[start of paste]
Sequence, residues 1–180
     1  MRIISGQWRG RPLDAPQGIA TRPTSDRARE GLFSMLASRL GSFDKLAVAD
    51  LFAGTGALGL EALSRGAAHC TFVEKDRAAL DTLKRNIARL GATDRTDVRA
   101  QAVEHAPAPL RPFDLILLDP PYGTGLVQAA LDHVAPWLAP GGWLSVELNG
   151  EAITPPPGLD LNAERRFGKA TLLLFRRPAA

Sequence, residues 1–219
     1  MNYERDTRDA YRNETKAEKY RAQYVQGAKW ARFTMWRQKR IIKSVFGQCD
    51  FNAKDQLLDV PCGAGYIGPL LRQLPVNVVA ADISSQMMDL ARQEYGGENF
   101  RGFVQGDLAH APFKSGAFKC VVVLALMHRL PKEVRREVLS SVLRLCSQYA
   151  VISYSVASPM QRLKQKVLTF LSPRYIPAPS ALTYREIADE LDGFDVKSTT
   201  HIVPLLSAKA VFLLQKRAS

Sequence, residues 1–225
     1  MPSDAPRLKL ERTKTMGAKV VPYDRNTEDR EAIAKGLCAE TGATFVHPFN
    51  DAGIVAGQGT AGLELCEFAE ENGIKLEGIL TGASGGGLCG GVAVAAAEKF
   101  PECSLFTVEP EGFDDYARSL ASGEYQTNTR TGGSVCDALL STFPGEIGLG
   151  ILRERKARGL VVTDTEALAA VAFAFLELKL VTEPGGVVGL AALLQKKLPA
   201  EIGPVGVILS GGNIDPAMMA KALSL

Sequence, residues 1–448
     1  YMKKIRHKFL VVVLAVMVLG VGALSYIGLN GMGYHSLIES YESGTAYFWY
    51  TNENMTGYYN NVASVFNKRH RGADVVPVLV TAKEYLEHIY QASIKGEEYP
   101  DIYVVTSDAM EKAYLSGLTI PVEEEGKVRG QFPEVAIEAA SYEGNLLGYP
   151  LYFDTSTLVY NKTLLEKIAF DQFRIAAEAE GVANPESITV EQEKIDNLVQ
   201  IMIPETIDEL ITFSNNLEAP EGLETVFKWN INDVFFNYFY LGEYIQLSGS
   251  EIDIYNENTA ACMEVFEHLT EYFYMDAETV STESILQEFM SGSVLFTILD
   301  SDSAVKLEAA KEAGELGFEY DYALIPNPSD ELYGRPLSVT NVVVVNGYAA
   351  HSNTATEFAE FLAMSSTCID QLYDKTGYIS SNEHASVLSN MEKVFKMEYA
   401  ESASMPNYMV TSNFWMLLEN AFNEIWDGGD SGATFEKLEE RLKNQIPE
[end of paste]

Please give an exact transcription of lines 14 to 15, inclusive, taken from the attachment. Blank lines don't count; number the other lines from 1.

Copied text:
    51  DAGIVAGQGT AGLELCEFAE ENGIKLEGIL TGASGGGLCG GVAVAAAEKF
   101  PECSLFTVEP EGFDDYARSL ASGEYQTNTR TGGSVCDALL STFPGEIGLG